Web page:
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403(i)(1) (common or usual name], and 403(k) [labeling of artificial flavorings, colorings, or chemical preservatives). The IOM established the Committee on State Food Labeling under the auspices of the Food and Nutrition Board to advise the agency on whether those six provisions of the law were being adequately implemented and recommend any State requirements that should be considered for Federal adoption. The charge to the Committee was to

  • assemble a listing of all relevant State and local laws and regulations dealing with six misbranding sections of FDCA specified for study in NLEA;

  • describe the provisions of each of the relevant State and local statutes that pertain to the sections under study and the basis on which those provisions were developed; and

  • assess the extent to which each of the six sections of FDCA is being implemented under current and proposed regulations and evaluate existing data on the impact of such implementation on public health and nutrition.

This report is the product of the Committee's research, analysis, and deliberations; the findings and conclusions presented are based on materials received from FDA. State and local food officials, industry trade associations and companies, and consumer groups; presentations to the Committee; correspondence; and searches of legal data bases. The Committee's assignment turned out to be a good deal more complex than it initially appeared and entailed the deciphering of Federal requirements, discovery and classification of State requirements, translation of Congress's somewhat delphic language about adequacy and implementation, and determined pursuit of an understanding of the purpose and impact of State requirements. The Committee developed well-defined working principles and criteria for analysis and viewed its jurisdiction rather broadly in its efforts to untangle many of these complexities.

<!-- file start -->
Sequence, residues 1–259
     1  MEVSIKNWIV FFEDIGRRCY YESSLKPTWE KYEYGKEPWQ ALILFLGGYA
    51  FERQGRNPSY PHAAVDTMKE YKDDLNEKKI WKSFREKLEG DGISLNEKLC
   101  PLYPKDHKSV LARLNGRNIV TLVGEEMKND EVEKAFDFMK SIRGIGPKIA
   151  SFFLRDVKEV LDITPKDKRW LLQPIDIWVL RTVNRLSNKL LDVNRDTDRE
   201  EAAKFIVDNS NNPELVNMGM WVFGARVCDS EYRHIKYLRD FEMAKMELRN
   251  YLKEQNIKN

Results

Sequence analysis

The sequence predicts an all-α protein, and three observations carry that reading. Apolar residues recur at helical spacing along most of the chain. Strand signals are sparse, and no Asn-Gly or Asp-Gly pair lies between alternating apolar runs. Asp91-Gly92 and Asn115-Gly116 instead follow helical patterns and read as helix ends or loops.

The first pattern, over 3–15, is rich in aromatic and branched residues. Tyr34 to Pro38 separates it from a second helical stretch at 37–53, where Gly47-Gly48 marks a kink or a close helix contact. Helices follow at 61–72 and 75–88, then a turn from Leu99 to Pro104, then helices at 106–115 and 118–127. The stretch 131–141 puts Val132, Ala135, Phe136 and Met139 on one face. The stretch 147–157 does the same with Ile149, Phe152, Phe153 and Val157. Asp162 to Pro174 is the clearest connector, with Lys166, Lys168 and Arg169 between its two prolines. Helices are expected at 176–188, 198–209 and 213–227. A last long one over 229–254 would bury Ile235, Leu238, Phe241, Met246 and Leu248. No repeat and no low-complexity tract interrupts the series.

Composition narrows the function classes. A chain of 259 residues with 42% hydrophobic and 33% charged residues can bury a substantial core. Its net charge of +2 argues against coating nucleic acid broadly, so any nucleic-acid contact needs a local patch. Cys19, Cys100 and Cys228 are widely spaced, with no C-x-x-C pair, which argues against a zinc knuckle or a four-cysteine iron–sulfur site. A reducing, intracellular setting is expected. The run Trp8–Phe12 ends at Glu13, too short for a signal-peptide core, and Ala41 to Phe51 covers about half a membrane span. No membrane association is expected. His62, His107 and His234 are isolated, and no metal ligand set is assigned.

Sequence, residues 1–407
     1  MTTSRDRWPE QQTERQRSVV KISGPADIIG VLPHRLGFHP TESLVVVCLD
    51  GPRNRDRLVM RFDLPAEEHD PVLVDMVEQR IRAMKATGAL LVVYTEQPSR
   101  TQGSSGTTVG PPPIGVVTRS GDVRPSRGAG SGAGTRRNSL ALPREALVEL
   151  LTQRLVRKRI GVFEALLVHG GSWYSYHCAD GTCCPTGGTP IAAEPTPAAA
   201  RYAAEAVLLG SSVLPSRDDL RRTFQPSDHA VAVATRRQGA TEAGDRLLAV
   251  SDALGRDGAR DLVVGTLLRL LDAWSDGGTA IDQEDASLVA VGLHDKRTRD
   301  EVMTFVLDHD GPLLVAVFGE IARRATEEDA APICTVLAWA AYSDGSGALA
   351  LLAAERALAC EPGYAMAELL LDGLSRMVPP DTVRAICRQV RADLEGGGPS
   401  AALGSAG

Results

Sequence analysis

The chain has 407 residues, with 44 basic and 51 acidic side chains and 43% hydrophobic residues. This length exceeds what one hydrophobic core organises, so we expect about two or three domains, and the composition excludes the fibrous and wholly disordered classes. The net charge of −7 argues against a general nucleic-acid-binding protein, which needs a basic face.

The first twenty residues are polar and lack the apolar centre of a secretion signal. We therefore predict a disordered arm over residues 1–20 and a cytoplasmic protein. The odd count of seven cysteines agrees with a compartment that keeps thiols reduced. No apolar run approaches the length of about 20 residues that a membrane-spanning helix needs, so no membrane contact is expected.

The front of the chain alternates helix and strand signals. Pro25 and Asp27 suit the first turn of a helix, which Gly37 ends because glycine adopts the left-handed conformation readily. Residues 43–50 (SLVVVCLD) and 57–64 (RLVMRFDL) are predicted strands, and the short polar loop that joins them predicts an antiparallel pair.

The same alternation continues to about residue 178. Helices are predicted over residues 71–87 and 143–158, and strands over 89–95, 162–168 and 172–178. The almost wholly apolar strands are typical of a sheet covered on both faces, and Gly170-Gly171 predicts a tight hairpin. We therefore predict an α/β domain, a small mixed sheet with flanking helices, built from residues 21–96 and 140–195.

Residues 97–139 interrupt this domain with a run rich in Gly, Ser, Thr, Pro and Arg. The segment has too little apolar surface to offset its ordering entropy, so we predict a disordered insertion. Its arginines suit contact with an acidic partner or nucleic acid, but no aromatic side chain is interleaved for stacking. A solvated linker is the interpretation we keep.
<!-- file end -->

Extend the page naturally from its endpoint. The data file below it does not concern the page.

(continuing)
As a consequence of the lack of clear lines separating some of the six study provisions, the Committee had to classify and review State food labeling requirements based upon the exercise of its best judgment. Based on the legislative history and text of the NLEA, the Committee excluded from its deliberations issues related to food safety, grading, kosher, organic, natural, origin, and open date labeling; which were not preempted under the Act. The Committee also excluded an analysis of emerging State and local regulatory issues such as environmental ''green'' labeling, although it believes these issues deserve consideration by FDA in the future.



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